Finally they let Amy off the stand and I took my place. My questions were more benign, I thought, focusing on the socialization of the children (I really think they were wondering if we ever left the house), support systems, plans should any of them need specialized care, etc. It took maybe 20 minutes. When I had finished, the court recessed to wait for the judge’s other curve-ball to arrive.
She asked the oldest of the two children to join her. She wanted to talk to them. Would have been splendid to know she wanted to do this on Thursday! So Abigail and Judah arrived and the judge took them, one at a time, in her chambers, alone, to talk to them about who knows what! We didn’t like this set up. Neither did Grace. Minimally, the children’s guardian should have able to be with them. I had the thought, this would probably never happen in the US!
After she talked to the kids, court resumed. Next up was the guardian. She testified the shortest and had nothing but positive things to say about our family and the children coming into it. We were grateful. She has been a foster mom for a long time and has some clout with the court. Her endorsement of our family, I believe, was important in this case.
When she had finished the judge asked the prosecutor if she had any further questions. She did not. Then the judge asked if there was anything else we wished to say. I simply said “thank you” for being flexible with our timeline getting all of our documents submitted. The judge had moved the date by a few days to help us out. I wanted to thank her for that. After this, we were dismissed so the judge and jury could make the final decision and prepare the court decree.
We went into the corridor to wait. I can’t really explain our feelings at this point. I think our emotions were full of relief it was over, yet apprehension we still didn’t know for sure what the judge was going to say. We did not anticipate a negative judgement, but she had already thrown us a couple curve-balls, and we really had no idea what the kids said to her or how she interpreted what they said….you know how children can be! We know in adoption it’s not done, until it’s done!
After about a half hour, we were summoned back into the courtroom for the judge to read the decree. There were some seven points to the decree and some other necessary details we needed to finalize, but the bottom line is, we became a family of 10 in that moment. A years worth of work, prayer, time, and energy culminated with two pieces of paper which transferred legal rights of parenthood to Amy and me. But really, A LOT more than just legal jargon happened.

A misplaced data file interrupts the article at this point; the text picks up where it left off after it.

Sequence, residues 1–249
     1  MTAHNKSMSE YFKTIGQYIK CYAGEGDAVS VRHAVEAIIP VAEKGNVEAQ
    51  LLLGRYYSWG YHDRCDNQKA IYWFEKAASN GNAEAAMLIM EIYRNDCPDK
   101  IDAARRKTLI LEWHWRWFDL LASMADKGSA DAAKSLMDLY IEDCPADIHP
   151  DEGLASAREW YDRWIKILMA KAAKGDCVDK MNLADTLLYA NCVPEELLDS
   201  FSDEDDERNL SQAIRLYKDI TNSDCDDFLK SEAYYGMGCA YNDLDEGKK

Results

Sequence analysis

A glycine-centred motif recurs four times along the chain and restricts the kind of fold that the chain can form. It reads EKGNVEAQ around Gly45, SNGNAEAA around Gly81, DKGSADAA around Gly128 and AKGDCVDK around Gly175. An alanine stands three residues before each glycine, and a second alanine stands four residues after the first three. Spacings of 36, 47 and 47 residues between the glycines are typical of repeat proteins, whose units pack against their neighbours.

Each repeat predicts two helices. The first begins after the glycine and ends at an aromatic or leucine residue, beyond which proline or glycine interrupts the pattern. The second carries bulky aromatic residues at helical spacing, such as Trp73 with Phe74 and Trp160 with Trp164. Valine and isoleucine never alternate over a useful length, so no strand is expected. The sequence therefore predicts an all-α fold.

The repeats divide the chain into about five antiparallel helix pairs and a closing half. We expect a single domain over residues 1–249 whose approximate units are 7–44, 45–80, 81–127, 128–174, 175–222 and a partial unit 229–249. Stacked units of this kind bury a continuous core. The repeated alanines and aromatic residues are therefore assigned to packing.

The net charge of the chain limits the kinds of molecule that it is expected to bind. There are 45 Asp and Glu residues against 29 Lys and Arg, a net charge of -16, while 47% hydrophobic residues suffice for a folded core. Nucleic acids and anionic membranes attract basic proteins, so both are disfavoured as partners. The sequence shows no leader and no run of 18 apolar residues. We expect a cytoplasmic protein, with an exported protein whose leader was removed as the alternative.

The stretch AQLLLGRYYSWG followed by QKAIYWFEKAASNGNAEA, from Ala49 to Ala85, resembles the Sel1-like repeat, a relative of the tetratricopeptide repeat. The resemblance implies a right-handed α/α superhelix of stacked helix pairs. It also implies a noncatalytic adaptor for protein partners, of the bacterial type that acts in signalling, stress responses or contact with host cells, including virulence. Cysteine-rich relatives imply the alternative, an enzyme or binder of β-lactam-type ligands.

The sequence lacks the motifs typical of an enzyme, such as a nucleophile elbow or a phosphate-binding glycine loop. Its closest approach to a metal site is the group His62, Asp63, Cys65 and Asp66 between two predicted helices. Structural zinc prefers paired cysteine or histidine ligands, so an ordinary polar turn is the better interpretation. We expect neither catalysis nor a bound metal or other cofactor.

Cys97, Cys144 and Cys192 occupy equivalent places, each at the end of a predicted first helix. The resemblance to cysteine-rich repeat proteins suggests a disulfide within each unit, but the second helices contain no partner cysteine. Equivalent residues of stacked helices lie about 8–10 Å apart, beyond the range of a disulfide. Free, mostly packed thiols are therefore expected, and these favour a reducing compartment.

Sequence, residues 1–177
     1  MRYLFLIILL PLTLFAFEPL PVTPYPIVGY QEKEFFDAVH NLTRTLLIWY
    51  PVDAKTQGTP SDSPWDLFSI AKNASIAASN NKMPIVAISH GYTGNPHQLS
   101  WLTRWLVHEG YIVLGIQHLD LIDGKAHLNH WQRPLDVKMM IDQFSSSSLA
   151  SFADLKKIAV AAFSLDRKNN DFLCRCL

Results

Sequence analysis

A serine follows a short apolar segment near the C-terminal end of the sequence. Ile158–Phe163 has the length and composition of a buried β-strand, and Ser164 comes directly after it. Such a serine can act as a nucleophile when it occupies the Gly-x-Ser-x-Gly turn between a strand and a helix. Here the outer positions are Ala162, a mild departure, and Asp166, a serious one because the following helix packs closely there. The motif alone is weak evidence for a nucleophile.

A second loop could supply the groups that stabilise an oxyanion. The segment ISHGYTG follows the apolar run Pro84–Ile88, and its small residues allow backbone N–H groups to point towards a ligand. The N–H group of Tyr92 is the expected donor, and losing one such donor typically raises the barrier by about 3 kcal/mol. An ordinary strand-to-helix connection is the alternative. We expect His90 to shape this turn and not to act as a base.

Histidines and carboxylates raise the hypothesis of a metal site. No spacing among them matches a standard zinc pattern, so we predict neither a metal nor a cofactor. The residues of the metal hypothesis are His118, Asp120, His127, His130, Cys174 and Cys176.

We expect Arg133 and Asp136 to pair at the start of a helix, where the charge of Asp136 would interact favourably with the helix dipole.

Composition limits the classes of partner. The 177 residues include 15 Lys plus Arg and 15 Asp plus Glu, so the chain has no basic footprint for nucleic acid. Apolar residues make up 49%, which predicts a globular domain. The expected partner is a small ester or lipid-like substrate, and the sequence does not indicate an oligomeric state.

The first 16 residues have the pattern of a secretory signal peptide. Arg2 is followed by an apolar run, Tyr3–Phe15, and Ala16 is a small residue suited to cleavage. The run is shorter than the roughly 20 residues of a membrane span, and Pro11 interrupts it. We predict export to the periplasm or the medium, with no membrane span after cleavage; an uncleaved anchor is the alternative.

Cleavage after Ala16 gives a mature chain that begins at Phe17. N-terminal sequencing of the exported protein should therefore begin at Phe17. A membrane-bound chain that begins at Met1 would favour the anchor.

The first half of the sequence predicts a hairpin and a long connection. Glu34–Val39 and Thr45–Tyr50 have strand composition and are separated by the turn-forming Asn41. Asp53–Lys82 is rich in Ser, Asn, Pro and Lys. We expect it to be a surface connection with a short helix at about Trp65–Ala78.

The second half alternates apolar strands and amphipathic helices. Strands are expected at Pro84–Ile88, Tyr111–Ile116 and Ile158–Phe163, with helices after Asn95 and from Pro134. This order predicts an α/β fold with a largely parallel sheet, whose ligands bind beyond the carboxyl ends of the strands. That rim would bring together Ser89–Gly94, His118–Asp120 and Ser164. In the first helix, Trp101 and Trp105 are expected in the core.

As we sat and listened to our interpreter and the judge, at the same time, butcher our American names (she did the best she could!), the moment happened. I don’t remember which point of the seven it was, but she said something to the effect the children would be given new names. I almost lost it.
Kinga Weronica (surname omitted) would now be Abigail Kinga Carlson
Krystian Marek (surname omitted) would now be Judah Krystian Carlson
Klaudia (surname omitted) would now be Naomi Klaudia Carlson
Natalia Anita (surname omitted) would now be Shiloh Natalia Carlson
I held back my tears at that moment but kept thinking of the Scripture in Rev 2:17
To everyone who is victorious I will give some of the manna that has been hidden away in heaven. And I will give to each one a white stone, and on the stone will be engraved a new name that no one understands except the one who receives it.
I believe so many things were broken for our kids in that moment……chains to their past; generational brokenness; the plan of the enemy to steal, kill, and destroy; and probably more I’ll never know anything about.
But there were also things which were created…..a new plan for their lives – God’s plans to prosper them, plans for a future and a hope; a new opportunity to know the Lord; they traded generational cursing for generational blessing; their whole family tree changed – even the court records show their new parents and the names of their new grandparents; they became heirs of godliness, righteousness, and faithfulness; they inherited a heritage in that moment; and they gained a FAMILY. A basic need/right for all humans of which these children have always been deprived.
I mean C’mon!! The spiritual parallels to what God has done for all who believe in His name and are ADOPTED through Jesus Christ are immense! If you’re missing seeing them, I must say, you’re not looking! All of this is wrapped up in a new name……
And all of this is only possible because of an old one…..ONE name; THE name; Above all names.
Thank you, Jesus!
So, I will have a happy Father’s Day. Yes, I will have noise, dirt, and apparently snails (I think they found some clams still in the shell, too). I probably won’t get my juicy strip steak or au-gratin potatoes. But I have something better. I have eight children whose destinies have been forever tied to the plans the Father has for them….If they choose to follow their heritage, their purpose, there’s nothing God cannot do through them.
That, dear reader, is a Happy ANY DAY!